My heart bursting, I asked him: “What do you hear when you listen to this song?” And Ezra said simply: “I hear that anyone can change the world, just by being ourselves. Just by deciding to bring peace to the world, we can. Like right now, with our own hands, our own bodies and own hearts.” He shrugged adorably, smiling at me, adding: “I guess. Or something like that…??”
I found my phone, connected it to the speaker, and put the song on LOUD. The words bounced off the living room walls, filling our home with truth, reminding us of our extraordinary power, inside the daily choices we make~ to share our hearts, to communicate peace, to shift the energy, to invite a vital change in perspective; indeed: “to change the world, with our own two hands.”
Parenting is so challenging; the most ruthlessly challenging path I know~ in how it humbles us to our knees, bringing us to the hardest edges of patience and compassion within us; painfully mirroring our limitations, our vulnerable attachments and preferences, while stretching our raw hearts open in unforeseeable ways. How grateful I am for all my precious allies in parenting~ from the grounding presence of surrounding mountains, to my children’s many soul aunties and uncles, teachers and mentors; from the comforting silence of shimmering candlelight on my altar, to the musicians who so powerfully speak to my children’s hearts in moments when I’ve reached the edge of my own skillfulness, and truly have nothing more I can say.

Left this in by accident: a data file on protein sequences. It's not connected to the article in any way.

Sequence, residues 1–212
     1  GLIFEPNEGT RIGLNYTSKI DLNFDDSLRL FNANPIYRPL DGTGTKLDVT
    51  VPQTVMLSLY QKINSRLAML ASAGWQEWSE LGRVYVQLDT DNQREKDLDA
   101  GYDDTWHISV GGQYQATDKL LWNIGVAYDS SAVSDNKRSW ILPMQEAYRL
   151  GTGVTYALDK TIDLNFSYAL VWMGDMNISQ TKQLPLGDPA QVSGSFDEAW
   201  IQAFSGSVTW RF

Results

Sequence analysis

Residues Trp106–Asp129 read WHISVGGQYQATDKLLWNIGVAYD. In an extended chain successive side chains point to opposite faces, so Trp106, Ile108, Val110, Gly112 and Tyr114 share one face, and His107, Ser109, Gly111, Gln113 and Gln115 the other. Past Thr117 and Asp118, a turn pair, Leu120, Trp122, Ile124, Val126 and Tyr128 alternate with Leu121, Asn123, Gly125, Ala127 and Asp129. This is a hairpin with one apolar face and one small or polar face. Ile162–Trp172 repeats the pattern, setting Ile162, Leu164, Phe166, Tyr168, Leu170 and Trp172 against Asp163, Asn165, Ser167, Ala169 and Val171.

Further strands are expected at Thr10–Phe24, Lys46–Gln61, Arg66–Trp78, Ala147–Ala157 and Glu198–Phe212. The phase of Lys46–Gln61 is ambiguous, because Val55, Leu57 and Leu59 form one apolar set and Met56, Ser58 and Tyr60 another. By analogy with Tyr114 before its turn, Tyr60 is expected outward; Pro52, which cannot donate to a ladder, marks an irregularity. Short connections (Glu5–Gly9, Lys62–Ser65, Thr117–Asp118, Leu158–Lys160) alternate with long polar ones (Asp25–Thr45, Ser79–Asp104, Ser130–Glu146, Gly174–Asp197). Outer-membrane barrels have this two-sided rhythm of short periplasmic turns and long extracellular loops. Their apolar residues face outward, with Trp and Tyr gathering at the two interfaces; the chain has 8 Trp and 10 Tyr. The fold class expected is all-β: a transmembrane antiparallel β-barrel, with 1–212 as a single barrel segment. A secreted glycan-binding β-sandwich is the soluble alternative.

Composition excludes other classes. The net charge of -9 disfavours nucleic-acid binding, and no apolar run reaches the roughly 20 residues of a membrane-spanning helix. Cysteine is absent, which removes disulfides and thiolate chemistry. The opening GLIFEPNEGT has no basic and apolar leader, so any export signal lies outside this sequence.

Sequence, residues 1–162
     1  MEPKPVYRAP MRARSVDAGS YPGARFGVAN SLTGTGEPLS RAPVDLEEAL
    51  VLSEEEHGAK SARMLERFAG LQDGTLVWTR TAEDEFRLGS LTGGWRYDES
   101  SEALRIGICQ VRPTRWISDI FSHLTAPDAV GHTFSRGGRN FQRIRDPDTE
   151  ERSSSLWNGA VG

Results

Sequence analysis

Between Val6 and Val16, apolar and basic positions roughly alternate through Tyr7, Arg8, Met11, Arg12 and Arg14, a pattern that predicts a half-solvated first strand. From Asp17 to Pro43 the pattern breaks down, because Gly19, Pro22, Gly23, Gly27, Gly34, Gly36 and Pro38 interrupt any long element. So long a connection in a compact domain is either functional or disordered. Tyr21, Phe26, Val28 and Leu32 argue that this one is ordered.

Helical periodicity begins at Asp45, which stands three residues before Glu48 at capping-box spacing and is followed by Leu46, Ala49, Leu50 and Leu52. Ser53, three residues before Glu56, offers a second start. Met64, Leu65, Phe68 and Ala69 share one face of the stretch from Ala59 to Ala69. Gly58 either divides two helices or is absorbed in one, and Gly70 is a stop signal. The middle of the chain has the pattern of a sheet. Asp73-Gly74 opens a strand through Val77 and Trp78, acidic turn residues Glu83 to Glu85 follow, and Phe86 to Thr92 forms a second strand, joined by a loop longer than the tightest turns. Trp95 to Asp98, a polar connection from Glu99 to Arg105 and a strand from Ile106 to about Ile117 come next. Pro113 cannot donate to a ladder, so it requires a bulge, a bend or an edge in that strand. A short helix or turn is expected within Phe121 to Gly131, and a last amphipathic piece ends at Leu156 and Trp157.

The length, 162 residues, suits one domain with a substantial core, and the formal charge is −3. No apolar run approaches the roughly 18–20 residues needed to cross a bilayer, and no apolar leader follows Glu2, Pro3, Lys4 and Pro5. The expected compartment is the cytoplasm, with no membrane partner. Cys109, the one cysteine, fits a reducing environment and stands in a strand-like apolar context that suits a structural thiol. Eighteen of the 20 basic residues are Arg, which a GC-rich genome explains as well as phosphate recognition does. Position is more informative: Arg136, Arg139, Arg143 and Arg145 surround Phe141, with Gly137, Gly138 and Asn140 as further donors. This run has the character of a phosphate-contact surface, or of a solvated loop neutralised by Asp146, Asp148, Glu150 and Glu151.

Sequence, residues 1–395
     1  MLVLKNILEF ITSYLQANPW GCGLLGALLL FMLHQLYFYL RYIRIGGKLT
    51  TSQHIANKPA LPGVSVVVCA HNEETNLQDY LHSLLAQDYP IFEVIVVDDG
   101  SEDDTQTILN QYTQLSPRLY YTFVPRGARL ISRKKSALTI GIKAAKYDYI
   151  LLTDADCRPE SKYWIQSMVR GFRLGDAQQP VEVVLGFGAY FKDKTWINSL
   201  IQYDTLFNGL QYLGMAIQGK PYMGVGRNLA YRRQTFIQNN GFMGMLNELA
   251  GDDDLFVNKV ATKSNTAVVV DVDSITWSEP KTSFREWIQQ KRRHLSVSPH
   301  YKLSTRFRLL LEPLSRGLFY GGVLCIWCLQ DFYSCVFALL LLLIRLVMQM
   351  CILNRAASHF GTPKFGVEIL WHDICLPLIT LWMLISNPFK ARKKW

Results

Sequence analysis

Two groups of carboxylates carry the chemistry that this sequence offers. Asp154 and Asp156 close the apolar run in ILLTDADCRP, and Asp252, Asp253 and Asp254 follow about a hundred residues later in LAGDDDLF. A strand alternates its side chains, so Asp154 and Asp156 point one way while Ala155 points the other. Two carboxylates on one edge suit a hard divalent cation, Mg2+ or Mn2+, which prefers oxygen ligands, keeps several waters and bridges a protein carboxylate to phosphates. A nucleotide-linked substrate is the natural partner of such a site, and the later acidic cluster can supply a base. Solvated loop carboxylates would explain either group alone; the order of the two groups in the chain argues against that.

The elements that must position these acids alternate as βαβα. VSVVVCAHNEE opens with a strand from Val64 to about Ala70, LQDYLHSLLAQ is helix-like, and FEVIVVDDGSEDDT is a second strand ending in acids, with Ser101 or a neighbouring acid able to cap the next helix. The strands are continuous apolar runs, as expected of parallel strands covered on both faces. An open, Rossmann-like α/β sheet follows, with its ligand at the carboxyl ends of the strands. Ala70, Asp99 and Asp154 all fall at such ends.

What could be more important for the next generations of leaders to realize than how we must take responsibility for our own experience, for our own suffering and joy, and for the role we each play today in bringing peace and truth and beauty to our world??
With my own two hands, I bow a deep bow of gratitude to the gracious gift of music, to the brave artists who keep making art, to all the miraculous songs and people and moments that freely remind us~ who it is we truly are and what’s possible for us to live in these precious, tenuous times.